Part 1 – Stuck Between a Rock and a Hard Place
Usually I write my blog every night, but occasionally something happens. It could be something great like seeing my adult kids, but usually, it’s not. It’s more like being stuck between a rock and a hard place. The words just won’t come.
When I thought of this idea, on a night when I was stuck, I thought the words would flow. They’re NOT! I’m struggling to write about my writing struggles. It sounds like an oxymoron, but it feels like that rock and hard place.
I write a sentence. Stop, delete it, and try again. Sometimes that breaks the blank page, but sometimes it doesn’t.
I moved onto this image, finally. Then I second guessed myself and went back and forth between them.
I feel stuck, flailing at my keyboard. Trying to write something that makes sense. I’m weighing every word, which makes it worse.
I want the words to fly off my fingertips, but they would rather hold my head and comfort myself.
Some nights the more you push, the more you wear yourself out.
The last time this happened, I looked like this fox. I couldn’t keep my eyes open, but I refused to quit.
I pushed and pushed, and it just got worse. Sometimes you have to know when to call it a night, and that’s what I’m doing now.
The last time it worked, but I’ll let you know tomorrow night when I try my luck at this post again. Good night . . .
Part 2 – Let Me Sleep on It
That was two nights ago. I had a good night’s sleep, and I was ready to write – till last night’s writing disaster. My new book is delayed a couple weeks, till the end of the month.
I couldn’t focus to write. I had to come up with Plan C. Don’t worry! I’ll tell you about it soon, in another post.
But there’s something about sleeping on your problems.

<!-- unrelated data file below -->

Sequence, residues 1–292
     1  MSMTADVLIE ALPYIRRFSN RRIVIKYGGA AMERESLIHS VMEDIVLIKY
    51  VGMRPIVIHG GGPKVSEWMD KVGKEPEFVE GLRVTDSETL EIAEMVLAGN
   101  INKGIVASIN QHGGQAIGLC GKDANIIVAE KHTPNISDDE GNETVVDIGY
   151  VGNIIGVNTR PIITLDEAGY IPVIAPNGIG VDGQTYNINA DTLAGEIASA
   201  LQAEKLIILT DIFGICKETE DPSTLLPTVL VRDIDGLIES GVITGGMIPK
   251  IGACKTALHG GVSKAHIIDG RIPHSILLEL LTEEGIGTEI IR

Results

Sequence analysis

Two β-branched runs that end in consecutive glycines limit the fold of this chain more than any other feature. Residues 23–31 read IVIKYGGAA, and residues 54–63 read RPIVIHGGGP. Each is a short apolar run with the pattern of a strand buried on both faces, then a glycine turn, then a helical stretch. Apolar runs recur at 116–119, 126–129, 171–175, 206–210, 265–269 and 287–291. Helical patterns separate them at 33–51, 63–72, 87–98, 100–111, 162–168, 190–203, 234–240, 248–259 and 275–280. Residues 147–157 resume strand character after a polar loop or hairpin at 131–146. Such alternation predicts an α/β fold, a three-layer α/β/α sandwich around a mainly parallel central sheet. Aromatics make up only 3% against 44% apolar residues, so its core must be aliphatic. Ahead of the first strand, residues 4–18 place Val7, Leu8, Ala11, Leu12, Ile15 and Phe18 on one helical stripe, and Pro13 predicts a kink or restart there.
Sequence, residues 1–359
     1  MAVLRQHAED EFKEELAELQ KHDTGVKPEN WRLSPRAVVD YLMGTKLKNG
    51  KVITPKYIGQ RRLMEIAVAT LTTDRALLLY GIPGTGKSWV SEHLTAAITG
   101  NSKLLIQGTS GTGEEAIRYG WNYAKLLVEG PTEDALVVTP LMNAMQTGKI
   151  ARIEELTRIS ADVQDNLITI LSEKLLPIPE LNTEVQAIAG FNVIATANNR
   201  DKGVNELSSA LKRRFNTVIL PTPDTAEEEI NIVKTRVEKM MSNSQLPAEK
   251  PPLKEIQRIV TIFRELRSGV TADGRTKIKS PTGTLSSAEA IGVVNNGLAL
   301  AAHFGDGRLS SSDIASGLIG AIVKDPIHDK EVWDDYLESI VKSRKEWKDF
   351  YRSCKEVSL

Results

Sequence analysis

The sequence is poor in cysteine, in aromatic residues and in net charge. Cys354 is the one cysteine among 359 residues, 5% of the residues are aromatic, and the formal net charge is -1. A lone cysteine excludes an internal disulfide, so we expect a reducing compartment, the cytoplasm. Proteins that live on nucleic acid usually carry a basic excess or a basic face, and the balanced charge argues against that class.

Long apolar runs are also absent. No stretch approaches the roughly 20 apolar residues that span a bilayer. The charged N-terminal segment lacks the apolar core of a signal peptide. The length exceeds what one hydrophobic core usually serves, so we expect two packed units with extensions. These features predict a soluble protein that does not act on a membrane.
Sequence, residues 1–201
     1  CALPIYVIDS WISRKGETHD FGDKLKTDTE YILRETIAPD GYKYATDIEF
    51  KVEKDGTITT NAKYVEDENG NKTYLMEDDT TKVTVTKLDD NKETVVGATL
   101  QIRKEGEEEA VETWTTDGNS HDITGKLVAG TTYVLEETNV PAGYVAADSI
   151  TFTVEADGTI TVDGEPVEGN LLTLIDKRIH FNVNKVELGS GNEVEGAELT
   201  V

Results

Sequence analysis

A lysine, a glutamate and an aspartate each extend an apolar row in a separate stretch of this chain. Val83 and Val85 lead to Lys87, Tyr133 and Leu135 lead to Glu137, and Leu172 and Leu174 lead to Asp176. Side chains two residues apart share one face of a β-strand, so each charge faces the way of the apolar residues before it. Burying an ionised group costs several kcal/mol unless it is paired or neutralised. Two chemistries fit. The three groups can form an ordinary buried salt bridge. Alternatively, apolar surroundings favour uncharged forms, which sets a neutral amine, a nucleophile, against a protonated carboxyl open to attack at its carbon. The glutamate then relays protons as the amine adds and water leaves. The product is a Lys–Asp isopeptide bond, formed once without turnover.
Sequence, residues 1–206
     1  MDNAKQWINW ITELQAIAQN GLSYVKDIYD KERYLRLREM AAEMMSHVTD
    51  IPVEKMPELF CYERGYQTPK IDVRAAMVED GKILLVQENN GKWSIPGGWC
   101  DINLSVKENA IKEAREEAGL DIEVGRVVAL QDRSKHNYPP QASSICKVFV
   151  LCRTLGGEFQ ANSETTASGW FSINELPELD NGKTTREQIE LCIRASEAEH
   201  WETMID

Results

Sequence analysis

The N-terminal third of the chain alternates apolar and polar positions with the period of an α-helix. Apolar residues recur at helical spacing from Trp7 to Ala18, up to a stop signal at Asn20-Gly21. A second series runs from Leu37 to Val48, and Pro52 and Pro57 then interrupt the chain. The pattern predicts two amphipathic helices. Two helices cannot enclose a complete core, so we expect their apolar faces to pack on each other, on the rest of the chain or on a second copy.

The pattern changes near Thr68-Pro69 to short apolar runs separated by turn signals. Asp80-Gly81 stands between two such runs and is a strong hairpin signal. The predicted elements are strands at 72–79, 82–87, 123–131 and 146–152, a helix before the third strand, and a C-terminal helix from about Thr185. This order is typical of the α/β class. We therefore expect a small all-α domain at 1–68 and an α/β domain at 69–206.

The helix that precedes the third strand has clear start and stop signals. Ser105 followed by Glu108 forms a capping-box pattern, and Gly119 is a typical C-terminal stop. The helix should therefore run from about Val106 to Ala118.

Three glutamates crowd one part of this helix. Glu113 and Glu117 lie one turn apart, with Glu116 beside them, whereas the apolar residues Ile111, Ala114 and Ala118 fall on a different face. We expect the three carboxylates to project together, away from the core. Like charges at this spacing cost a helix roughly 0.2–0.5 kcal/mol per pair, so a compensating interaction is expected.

When you hit a problem, it’s like hitting a yellow caution light. Sometimes it’s even that darn red stop light.
But there’s a bright side. I took freshman psychology back in 1977. I forgot the name of the concept, but not the principle. Our brains work in circles to go from problem to solution. If you’re stuck, your brain will keep working on that problem until it’s solved. It works whether you’re sleeping or doing anything else.
This picture made me think what that process looks like, whether you’re sleeping or not.
Usually if I stop and come back to my writing the next day, my fingers fly across the keyboard and the ideas pour out. It’s lovely!
Warning – it’s not perfect! First drafts never are. I used to tell my classes that they were sloppy copies. They’re meant to get your ideas down at top speed.
This is what it feels like when you get that answer. Your wheels are spinning. You’re back on green, and you can go, go, go!
Once those ideas are down, go back and proofread them. How? Read them out loud. You can use the narrator on your computer. That lets you listen and focus on how the words sound. I go over each paragraph, again and again until it sounds just right.
Another way – have someone read it out loud to you. Have a pen/keyboard ready. Whenever they stop and stumble, mark it down. Those are the places you want to edit and polish.